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Monday, November 29, 2010


by Ann Lethbridge

No, I'm not talking about job opportunities.  Or am I? I'll let you be the judge.

Last week I had the privilege of  reading a few five-hundred word story openings provided by aspiring authors. I was not being asked for a critique, so I was unable to offer advice and I didn't know their names, or anything about them.

I was concerned that almost all these openings suffered from what I saw as similar problems. If it had been possible for me to give  feedback on these snippets, this is what I would have said.

  •  A reader expects to be carried into your world in a very few lines or they might not get past the first page. One way to do this is to start with action, or dialogue. If you start where something is happening or even better, where everything changes for the worst for the point of view character, the reader will want to read on. People love conflict and disaster, so if you can hint at it, or even provide it at the beginning your book will open with a bang.
  • Providing the details up front of why and how a character arrived at the point when the book opens can cause a reader to yawn. For example, the character thinks about his miserable childhood, his awful time at school and his recent accession to a title, which will allow him to improve his life. In the meantime, nothing has happened in the story. This is an information dump. I see it over and over again in contests. It is also telling. 
  • The best way for a reader to get to know your character is to see them in action. This character, for example, could be entering a ballroom, greeting people who in the past had snubbed him and piercing them with his superior wit. The reader would be intrigued. Why would this man act this way? Or he could dive in to rescue a citizen from a band of thugs in a bad part of town. Why is he there? Why is he willing to be involved? Show us whatever it is you want to show us about who this person is, or thinks he or she is right now, by having him or her react to their world. Intrigue us to read more by not telling us why.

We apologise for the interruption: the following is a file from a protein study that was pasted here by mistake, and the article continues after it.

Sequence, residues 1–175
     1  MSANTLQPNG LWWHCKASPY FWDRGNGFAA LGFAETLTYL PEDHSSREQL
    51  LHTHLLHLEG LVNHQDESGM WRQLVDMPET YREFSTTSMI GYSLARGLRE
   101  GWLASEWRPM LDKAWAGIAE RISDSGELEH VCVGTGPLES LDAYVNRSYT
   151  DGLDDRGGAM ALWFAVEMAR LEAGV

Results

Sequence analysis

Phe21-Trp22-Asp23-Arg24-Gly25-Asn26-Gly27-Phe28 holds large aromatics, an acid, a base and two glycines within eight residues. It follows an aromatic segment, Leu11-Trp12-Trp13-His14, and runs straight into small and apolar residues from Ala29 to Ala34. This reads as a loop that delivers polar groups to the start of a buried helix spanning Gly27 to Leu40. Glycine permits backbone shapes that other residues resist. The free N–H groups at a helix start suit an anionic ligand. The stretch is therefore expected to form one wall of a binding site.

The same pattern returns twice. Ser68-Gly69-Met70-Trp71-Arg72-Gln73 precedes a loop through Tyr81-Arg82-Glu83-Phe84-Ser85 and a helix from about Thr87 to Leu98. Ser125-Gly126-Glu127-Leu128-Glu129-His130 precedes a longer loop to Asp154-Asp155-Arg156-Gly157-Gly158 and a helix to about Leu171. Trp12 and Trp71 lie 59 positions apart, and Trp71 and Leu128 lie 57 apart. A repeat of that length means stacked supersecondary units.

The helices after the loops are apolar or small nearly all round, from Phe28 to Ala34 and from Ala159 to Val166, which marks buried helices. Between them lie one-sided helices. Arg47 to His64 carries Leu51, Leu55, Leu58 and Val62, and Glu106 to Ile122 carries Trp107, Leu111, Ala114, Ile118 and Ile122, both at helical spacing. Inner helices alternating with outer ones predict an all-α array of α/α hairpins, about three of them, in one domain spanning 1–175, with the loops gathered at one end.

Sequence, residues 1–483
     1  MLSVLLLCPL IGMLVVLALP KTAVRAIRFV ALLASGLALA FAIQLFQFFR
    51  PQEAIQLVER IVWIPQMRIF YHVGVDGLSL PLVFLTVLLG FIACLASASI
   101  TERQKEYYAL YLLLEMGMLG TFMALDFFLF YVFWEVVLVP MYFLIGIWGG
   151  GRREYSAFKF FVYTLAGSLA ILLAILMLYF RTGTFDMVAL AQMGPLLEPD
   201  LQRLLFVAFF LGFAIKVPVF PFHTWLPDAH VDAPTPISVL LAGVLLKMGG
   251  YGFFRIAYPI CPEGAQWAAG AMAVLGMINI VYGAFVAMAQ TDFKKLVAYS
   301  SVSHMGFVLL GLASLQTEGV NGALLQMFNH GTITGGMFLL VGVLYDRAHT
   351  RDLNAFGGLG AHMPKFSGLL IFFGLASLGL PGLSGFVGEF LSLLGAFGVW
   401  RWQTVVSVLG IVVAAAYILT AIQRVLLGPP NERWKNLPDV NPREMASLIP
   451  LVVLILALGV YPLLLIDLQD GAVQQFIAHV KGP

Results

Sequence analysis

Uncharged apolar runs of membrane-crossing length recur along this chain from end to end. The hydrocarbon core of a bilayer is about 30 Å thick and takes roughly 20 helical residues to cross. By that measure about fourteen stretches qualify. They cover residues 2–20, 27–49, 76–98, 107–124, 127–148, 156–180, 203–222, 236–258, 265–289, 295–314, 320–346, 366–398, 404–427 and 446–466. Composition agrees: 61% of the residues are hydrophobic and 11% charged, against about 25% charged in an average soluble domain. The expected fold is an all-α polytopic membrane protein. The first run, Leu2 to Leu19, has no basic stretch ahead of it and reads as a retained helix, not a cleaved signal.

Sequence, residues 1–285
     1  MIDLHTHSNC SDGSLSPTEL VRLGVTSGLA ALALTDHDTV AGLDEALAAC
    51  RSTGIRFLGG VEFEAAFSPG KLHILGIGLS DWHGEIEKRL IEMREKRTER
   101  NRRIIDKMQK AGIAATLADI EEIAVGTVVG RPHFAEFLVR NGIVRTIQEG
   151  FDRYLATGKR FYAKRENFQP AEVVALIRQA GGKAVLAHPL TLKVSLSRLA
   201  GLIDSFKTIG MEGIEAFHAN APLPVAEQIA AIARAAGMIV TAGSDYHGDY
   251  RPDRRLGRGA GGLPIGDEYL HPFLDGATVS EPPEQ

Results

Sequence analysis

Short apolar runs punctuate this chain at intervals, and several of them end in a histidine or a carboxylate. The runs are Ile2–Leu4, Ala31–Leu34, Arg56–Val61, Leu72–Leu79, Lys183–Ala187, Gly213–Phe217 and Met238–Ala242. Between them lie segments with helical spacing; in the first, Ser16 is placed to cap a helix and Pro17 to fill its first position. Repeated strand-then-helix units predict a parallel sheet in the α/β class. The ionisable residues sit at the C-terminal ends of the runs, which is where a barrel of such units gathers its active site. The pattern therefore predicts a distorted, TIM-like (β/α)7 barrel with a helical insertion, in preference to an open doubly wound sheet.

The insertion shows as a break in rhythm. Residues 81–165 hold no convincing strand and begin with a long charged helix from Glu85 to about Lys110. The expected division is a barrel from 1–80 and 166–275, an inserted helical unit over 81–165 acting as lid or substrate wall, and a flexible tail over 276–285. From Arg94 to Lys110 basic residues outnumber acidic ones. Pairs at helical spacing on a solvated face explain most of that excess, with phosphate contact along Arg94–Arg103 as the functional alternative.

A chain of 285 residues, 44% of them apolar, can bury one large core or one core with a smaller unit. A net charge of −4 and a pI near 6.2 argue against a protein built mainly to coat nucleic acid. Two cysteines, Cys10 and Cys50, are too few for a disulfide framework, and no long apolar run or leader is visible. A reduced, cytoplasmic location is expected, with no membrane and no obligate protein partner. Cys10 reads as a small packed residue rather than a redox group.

• Avoid large casts of characters in opening scenes. Readers can be confused and/or impatient with too many people to keep track of, especially when they don't know who is important to the story.
  • Don't have your character physically describe themselves, either by looking in a mirror, or by thinking about their appearance. She turned her bewitching blue eyes on her visitor, is, if you turn it into the characters' own thoughts: I turned my bewitching blue eyes on my visitor. How often do you think about the nature and color of your eyes when you look at someone entering your front door? If you can put yourself inside your point of view character's head, see only what they see, feel only what they feel, your reader will be right there with you. And they will want to read on.
  • Know where your story starts. I have this terrible habit of wanting to write prologues full of action. My editor is very smart. She makes me take them out. Writing the prologue puts my head in the right place for the story. Deleting it, doesn't spoil or change the story at all, indeed it leaves a question to be answered later when the reader needs to know the answer. Don't start your story too early. Start where things begin to go wrong, often in a romance at the point the hero and heroine meet.
  • If your book starts with a bang, in the middle of action with conflict, with questions, try to keep the tension going.  Don't have your character go off and change their gown, for example, so you can get in some description, while the furious hero waits in the drawing room. Have her confront him right away. Keep the reader wanting to know what is going to happen next and keep things happening.